I've taken Squidoo too seriously at times. When it seemed my ability to bookmark my lenses on Tagfoot would be taken away, I had meltdowns. All 3 or 4 or...however many times it's been now. Squidoo is the only income I can count on coming in every month. I never know if anybody is going to buy my art and massage clients cancel when they feel the money crunch.
I've noticed something from time to time among lensmasters. It's called desperation. I feel it too. Desperate to get that single five star rating to pull the lens out of oblivion. Desperate to get more and more ratings, backlinks, traffic, ad commissions, backlinks, traffic, comments...did I mention backlinks and traffic?
It's a virtual squid race. And you know what, it's not very attractive. It's actually repulsive. I know I am actually driving people away even as I'm shrilly demanding that I get more attention. Why didn't more people rate my lens? Why can't I get that lens in the Top 100? Why is that lens in the 80,000s? When am I going to make that one lens that everybody wants so I can make $1000 a month or more? (Or even, when am I going to bump up another $60 a month?)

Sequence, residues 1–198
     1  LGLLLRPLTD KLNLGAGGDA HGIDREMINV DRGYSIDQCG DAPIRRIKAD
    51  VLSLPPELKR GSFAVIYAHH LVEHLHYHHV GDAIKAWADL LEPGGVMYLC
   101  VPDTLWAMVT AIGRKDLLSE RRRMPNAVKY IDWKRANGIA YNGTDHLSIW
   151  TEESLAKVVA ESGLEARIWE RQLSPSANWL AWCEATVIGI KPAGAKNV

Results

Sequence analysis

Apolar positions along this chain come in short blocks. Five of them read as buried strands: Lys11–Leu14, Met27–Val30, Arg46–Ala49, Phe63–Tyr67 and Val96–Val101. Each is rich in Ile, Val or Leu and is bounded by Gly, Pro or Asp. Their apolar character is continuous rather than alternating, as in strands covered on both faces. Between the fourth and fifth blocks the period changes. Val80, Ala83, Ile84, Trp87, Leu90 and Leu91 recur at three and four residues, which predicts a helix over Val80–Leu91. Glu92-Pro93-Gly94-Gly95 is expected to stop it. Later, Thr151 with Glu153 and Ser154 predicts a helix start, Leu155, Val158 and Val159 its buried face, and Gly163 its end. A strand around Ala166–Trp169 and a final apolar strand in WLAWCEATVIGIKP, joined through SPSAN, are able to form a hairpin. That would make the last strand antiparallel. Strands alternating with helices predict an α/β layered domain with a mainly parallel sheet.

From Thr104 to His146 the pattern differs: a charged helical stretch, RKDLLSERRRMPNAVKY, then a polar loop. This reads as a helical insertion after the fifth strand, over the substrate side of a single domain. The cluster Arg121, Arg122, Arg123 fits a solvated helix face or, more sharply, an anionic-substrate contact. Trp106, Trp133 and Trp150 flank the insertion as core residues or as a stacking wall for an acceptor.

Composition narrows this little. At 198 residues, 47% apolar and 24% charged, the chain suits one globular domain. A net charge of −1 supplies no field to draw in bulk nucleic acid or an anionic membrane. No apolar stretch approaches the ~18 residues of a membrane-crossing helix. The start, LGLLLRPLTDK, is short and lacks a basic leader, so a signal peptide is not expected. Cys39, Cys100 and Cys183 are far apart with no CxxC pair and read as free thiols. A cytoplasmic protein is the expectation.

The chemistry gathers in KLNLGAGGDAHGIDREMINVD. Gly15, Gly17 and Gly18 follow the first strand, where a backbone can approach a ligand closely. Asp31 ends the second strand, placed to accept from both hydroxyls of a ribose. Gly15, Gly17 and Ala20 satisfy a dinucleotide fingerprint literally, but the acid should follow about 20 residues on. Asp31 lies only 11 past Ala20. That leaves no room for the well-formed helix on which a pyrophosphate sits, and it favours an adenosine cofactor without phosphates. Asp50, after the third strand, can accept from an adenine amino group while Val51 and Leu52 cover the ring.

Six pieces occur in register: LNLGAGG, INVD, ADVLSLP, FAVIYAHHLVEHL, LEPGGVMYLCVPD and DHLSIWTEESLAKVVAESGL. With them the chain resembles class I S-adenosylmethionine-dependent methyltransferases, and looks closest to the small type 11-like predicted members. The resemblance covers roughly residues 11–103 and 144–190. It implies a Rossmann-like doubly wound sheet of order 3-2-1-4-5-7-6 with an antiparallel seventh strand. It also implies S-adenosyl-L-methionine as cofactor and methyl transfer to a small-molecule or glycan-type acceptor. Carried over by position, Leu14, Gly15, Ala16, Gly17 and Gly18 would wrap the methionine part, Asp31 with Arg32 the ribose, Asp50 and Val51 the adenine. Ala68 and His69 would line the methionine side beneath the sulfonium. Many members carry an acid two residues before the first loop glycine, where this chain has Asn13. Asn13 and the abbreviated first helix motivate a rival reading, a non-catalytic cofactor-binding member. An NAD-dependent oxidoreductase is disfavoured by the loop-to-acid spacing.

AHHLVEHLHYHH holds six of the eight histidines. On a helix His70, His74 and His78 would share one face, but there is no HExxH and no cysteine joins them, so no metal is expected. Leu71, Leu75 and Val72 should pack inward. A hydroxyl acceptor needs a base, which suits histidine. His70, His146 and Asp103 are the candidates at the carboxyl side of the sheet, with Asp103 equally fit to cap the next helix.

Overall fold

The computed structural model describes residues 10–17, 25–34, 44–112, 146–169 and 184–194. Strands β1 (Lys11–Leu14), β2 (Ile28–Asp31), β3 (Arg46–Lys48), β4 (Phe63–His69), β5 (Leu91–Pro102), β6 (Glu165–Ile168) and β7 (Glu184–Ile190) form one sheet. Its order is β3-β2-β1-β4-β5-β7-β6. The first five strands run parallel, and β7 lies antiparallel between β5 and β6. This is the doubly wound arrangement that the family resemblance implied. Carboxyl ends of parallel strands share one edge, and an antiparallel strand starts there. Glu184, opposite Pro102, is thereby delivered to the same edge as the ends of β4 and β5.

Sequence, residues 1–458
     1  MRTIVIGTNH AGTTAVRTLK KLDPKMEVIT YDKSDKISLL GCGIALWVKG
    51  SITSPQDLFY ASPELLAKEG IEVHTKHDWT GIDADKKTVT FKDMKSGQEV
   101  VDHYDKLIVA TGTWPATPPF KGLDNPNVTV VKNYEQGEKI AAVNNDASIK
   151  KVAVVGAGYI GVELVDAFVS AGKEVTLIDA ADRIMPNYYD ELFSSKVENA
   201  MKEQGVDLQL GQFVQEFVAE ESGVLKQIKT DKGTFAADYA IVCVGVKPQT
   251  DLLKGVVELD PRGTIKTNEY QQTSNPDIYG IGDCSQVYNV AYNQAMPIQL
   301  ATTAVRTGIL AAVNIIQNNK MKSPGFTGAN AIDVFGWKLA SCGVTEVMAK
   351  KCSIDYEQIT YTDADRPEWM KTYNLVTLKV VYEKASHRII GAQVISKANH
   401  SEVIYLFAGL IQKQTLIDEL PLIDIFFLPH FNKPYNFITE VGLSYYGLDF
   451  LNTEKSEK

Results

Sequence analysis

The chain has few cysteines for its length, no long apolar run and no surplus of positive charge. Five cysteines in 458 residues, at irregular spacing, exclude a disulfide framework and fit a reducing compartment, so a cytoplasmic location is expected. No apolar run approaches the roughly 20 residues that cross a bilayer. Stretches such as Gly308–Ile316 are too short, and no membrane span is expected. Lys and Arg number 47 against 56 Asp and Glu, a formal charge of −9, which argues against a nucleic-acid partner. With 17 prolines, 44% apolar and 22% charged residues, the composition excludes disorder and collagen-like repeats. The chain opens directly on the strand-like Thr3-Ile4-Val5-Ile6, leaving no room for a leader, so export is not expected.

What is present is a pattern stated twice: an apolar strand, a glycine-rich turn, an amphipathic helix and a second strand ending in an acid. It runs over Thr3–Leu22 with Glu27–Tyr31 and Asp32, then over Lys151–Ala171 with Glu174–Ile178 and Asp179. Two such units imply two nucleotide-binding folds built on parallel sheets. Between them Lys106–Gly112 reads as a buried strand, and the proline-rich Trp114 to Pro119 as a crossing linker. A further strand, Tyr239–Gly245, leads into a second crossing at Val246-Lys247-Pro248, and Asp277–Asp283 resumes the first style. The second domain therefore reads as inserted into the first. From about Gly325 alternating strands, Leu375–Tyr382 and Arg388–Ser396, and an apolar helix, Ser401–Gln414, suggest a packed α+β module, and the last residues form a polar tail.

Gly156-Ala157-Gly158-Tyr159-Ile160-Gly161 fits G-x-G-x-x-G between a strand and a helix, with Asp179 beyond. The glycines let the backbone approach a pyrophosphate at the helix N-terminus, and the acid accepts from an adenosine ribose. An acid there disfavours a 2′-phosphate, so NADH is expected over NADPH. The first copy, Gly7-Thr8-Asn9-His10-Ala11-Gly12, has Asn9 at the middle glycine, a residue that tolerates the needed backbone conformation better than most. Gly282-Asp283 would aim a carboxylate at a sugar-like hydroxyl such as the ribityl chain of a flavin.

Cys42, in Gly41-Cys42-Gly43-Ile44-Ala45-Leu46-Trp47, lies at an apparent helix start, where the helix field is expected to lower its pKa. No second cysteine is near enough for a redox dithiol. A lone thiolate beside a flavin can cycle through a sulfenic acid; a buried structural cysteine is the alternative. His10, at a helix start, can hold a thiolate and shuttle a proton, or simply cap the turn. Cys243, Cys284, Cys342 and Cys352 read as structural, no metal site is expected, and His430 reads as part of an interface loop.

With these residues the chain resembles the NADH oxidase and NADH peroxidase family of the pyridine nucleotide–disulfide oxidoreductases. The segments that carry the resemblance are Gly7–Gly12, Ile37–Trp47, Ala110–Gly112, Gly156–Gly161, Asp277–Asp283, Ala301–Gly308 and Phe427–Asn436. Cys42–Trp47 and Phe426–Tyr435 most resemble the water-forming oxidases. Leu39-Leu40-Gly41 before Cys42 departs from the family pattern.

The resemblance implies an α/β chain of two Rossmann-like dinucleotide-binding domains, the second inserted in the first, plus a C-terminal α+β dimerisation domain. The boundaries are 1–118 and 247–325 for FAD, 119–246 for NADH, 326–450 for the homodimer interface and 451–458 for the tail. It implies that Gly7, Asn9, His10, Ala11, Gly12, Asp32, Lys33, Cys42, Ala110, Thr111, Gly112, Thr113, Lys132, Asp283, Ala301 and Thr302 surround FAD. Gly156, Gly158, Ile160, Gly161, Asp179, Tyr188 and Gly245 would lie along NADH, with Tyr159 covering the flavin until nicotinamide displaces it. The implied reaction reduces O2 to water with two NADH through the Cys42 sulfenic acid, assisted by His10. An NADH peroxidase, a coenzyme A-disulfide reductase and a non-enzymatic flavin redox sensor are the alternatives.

It occurs to me that this is the kind of behavior that gets me, and others like me, thrown in with used car salesman and door-to-door vacuum pushers on social bookmarking sites . Nobody OWES me a rating, or even a visit to my lens. Nobody cares that I'm poor. And they don't have to.
From what I understand, really successful people don't push themselves on the populace. They wait for people to come to them, like a lion waiting for the herd to come closer. They also don't try to do everything at once. They take little baby steps and keep quietly practicing their craft, making small adjustments to their course along the way. They don't bite off more than they can chew, expect more than is reasonable. And they don't expect anybody to give them anything.
I think THAT is the way to true success as a lensmaster. In the end the drama only leaves me with a bad taste in my mouth and no increase in money in the bank.